Presenting one of the largest gasoline engines ever produced by General Motors: the 702 cubic-inch Twin Six used in GMC trucks of the 1960s. Here’s more on this fascinating dinosaur. Not a common sight even in the GMC trucks it was intended for, the General Motors Twin Six of 1960 through 1966 was largely forgotten by gearheads until just a few years ago, when it suddenly captured the imaginations of extreme custom car builders, most notably Randy Grubb of Blastolene Special fame. The fabulous Blastolene B702 proudly sports a GMC V12, and why not? After all, bigger is usually better in the hot rod world, and there’s no replacement for displacement.
Now, when we think of V12 powerplants for highway use, we usually recall the 12-cylinder luxury cars of the classic era, such as Cadillac, Packard, and Lincoln, or exotic sports cars like Ferrari or Lamborghini. But in fact, there’s a solid historical precedent for V12 engines in large trucks. Seagrave and American LaFrance, to name two, offered V12 gas engines in fire trucks for decades. GMC’s V12 came along toward the end of the gasoline truck era, when diesels were quickly taking over the industry but there was still a demand for large-displacement gasoline engines. Here’s a look inside GMC’s Twin Six.
Introduced in 1960, the Twin Six was based on GMC’s 60-degree V6 engine series, also unveiled that year. Offered in 305, 351, 401, and 478 cubic-inch versions, the heavy-duty V6 was used across the GMC truck line in specific applications through 1974. The 702 CID Twin Six version was essentially two 351 CID V6 engines on a single cylinder-block casting (see above). The one-piece crankshaft forging weighed nearly 200 lbs., while the cylinder heads, intake and exhaust manifolds, and so on, were taken from the 351 V6. There were 54 shared components in all, reportedly.
While the GMC V6 family also included a diesel variant, the not terribly successful ToroFlow series, there was no diesel version of the Twin Six, only a gasoline model.
This view of the right side of the engine clearly shows the paired cylinder heads, manifolds, and carburetors as borrowed from the 351 V6. The ignition (not visible) employed a pair of distributors on a common drive. Note the belt-driven air compressor and the triple-belt drive for the DC generator and mammoth water pump, rated at nearly 120 gallons per minute. Cooling fan diameter was 25 inches.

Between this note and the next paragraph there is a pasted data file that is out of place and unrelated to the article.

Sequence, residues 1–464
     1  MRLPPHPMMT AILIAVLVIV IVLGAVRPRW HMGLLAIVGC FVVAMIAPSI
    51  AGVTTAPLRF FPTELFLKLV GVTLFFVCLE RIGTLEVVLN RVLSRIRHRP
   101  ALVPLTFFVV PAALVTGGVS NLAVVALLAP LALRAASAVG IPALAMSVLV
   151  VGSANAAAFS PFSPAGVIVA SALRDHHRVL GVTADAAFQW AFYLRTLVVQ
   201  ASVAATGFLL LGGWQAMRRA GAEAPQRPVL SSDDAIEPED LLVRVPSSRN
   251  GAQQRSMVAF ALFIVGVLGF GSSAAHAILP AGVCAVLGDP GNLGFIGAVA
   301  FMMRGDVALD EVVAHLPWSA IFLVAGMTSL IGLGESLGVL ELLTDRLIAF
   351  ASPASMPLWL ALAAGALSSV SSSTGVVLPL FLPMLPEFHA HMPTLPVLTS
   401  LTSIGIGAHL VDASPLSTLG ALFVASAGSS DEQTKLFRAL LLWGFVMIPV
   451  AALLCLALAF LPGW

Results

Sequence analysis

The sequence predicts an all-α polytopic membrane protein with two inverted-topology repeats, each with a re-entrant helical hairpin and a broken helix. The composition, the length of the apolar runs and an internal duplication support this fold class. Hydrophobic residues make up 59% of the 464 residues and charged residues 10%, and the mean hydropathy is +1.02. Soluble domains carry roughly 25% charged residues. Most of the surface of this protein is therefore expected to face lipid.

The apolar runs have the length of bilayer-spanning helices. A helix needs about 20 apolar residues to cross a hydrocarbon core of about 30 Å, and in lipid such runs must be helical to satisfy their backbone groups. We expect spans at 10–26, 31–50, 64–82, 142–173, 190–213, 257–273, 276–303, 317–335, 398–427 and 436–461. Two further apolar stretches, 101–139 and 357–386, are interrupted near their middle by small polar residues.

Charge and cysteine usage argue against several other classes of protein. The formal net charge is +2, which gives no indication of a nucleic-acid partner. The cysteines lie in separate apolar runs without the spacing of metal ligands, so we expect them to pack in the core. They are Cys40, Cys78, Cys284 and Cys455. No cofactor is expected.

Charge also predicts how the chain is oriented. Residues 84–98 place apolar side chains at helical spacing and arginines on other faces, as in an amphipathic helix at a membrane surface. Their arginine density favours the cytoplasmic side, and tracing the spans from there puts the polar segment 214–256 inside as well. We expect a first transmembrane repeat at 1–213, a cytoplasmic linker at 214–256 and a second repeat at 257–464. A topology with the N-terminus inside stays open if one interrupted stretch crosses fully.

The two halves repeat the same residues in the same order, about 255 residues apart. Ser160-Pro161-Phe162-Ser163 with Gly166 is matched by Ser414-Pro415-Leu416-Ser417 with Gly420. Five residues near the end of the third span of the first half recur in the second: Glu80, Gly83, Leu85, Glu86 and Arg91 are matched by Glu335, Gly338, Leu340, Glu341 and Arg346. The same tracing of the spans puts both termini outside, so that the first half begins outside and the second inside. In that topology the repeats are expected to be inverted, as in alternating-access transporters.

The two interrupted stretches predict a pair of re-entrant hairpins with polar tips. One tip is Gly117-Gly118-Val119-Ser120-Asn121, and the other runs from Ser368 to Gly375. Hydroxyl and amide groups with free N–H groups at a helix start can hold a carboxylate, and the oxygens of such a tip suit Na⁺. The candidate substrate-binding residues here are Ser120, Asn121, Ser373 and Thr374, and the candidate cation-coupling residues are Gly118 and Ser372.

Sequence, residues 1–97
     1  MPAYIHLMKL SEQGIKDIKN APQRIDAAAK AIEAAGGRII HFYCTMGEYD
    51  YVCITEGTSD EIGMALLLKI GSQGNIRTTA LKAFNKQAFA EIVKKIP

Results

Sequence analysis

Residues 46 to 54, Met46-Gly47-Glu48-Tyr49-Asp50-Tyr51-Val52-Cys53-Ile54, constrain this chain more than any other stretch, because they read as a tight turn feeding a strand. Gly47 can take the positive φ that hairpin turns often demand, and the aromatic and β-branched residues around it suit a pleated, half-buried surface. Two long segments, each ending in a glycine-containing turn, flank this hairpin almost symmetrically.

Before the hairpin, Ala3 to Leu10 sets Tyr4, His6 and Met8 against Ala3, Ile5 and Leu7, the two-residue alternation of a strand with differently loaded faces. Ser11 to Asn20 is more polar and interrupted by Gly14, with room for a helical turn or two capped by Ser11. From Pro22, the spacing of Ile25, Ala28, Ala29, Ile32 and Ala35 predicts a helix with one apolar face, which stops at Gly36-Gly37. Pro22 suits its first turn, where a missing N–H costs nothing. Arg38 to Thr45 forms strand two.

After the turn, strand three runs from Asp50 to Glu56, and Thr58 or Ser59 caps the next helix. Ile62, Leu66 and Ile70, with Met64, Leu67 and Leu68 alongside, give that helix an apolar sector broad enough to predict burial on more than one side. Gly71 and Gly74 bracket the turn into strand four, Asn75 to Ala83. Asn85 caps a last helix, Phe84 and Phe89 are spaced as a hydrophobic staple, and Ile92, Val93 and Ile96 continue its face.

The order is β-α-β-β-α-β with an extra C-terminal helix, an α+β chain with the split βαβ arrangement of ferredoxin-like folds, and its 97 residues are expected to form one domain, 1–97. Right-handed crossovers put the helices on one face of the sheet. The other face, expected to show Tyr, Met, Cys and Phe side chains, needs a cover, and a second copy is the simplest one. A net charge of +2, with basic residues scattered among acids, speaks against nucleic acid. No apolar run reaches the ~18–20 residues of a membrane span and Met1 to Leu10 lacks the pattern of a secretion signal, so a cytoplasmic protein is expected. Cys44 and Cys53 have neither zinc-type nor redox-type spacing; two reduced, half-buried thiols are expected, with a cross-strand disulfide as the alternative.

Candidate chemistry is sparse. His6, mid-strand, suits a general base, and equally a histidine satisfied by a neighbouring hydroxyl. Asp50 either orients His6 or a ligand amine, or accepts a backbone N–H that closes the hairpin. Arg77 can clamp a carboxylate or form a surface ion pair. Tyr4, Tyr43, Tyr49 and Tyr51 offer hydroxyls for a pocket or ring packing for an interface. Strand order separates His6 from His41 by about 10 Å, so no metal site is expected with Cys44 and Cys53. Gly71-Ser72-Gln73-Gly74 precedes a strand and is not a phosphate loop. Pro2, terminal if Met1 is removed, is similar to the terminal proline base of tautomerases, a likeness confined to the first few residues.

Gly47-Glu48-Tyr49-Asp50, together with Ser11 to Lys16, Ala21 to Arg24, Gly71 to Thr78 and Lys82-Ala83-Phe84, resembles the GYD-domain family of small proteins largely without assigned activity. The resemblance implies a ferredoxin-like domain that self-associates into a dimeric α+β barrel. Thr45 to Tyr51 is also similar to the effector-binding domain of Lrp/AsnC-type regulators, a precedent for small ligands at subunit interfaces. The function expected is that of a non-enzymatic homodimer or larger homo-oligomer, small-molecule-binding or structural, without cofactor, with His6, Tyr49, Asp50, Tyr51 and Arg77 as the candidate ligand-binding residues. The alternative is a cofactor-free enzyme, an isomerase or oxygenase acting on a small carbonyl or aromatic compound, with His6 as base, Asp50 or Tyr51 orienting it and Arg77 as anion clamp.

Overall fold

Compression ratio was 7.5:1. Bore and stroke were 4.56 inches by 3.58 inches, respectively, yielding a displacement of 702.4 cubic inches. The gross brake horsepower rating was 275 horsepower at a lazy 2400 rpm. And here’s the number we were all waiting for: 630 lb-ft of torque at 1600 to 1900 rpm.
This left-side view shows an alternate accessory drive configuration with a crank-driven fan and twin-belt water pump drive. A block-mounted oil filter housing allows easy access, while oil sump capacity was a generous four gallons (16 quarts). The Twin Six was offered in 7000 and 9000 series chassis in a number of straight truck and cabover configurations, which explains the variations in exterior engine dress. Ready to run, the Twin Six weighed in at 1485 lbs.
In 1967 the big V12 was replaced by a V8 gas engine of 637 CID that offered more reasonable cost and packaging. While the GMC Twin Six was successfully used in thousands of big trucks in the 1960s, the engine was also a popular choice for irrigation pumps, especially in the American southwest. There, the V12 was prized for its ability to run 15,000 hours or more with only minor maintenance. It’s no stretch at all to imagine that a few are still out there running today.